- Providing a transparent and orderly process which ultimately reduces transaction costs to domestic and international investors. This increases the ability of New Zealand’s sharemarket to be internationally competitive;
- Providing an effective supervisory enforcement body that operates within statutory guidelines; and
- Providing a takeovers regime which is similar to other jurisdictions, thereby creating greater confidence for international investors in the integrity of our market.
The code does this by prohibiting a person from increasing their voting rights in a code company above the 20% threshold except in compliance with the takeovers code.
There are six ways for a person to increase their voting rights above the 20% threshold:
- With the approval of shareholders;
- By a full offer to all shareholders at the same price;
- By a partial offer (an offer for a certain percentage of the total company) to all shareholders at the same price;
- By creeping acquisitions in the 50% to 90% range at a rate of 5% per annum
- In the 90% to 100% range by a compulsory acquisition (i.e. once a person holds or controls more than 90% of a company that person is entitled to and can be required by other shareholders to acquire all of the outstanding securities;
- Or under an exemption from the panel.
Although the Code allows full and partial offers, anyone wishing to move beyond the 20% threshold must obtain 50% of the company for their offer to become unconditional. A partial offer for a smaller holding is permitted with shareholder approval.
In the short time it has been in force, we believe the Takeovers Code has achieved many of these objectives. Industry feedback on the effectiveness of the code since its implementation has been generally very supportive. In fact many who were originally opposed to the implementation of a Takeovers Code, are now supportive of the current regime.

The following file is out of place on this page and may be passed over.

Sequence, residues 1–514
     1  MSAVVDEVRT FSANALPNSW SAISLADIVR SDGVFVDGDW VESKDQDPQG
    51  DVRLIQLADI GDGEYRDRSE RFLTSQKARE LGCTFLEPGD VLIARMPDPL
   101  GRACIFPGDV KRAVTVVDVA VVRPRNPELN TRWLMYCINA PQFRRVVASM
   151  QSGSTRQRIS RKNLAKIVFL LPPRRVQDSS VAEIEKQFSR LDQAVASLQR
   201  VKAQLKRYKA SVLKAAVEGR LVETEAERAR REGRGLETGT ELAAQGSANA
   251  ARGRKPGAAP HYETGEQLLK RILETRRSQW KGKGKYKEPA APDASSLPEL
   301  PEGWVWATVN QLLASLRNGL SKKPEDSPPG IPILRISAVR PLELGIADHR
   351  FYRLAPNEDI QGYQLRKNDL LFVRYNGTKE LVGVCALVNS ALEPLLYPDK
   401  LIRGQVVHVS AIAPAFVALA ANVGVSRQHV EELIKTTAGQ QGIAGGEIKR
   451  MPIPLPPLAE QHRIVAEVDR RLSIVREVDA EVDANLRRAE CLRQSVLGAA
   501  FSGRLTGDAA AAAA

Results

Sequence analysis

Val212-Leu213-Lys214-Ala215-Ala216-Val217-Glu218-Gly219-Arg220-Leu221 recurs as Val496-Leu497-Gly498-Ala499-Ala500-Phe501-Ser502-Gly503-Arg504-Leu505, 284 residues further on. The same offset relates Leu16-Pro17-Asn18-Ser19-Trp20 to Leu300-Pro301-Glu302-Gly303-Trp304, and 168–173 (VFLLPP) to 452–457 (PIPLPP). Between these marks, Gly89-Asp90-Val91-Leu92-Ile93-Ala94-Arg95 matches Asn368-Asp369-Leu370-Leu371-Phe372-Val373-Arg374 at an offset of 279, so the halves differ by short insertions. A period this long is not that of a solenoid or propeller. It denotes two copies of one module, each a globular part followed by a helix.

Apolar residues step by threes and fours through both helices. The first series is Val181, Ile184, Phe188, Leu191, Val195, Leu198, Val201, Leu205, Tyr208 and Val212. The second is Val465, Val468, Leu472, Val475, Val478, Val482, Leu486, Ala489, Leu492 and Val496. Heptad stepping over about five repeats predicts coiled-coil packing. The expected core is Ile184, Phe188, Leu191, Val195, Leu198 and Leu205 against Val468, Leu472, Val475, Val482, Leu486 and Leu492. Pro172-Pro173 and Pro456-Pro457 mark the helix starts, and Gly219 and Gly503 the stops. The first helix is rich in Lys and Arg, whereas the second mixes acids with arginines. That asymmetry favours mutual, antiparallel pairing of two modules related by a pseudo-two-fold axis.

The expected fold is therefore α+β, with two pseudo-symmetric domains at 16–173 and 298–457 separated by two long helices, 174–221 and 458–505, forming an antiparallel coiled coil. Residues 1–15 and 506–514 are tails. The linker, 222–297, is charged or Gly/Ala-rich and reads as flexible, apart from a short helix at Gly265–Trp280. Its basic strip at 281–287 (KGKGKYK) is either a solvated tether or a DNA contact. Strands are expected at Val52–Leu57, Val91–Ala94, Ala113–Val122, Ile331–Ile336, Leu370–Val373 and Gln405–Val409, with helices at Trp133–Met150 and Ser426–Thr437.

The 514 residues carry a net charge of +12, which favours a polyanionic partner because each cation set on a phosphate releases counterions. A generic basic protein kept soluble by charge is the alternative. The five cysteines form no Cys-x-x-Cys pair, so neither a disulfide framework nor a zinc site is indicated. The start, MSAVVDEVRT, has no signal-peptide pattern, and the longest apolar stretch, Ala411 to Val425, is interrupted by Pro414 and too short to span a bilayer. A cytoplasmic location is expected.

Incidents such as the Lion Nathan takeover of Montana Wines have illustrated how the Code has provided a more transparent and certain process in takeover situations. The Takeovers Panel, through their immediate reaction and resolution of the Montana takeover situation proved very effective in enforcing the Code.
All prospective takeover offers must now comply with the code and adhere to its core concepts of fair equal treatment and participation of all shareholders.
By requiring an offer to remain open for a specified period and to all shareholders equally, the Code has removed some of the urgency seen in takeovers of old, where shareholders were coerced by brokers into selling out at a lightning pace for fear of missing out on the deal.
Shareholders, led by fund managers, are now taking the time to consider offers and wait for competing bids to emerge.
Edison Mission’s bid for Contact Energy is a good example. Edison was forced to up its offer and extend the deadline on acceptances in the face of strong opposition to its bid. Although unsuccessful, it is a good example of the new regime’s requirement to treat all shareholders fairly and equally.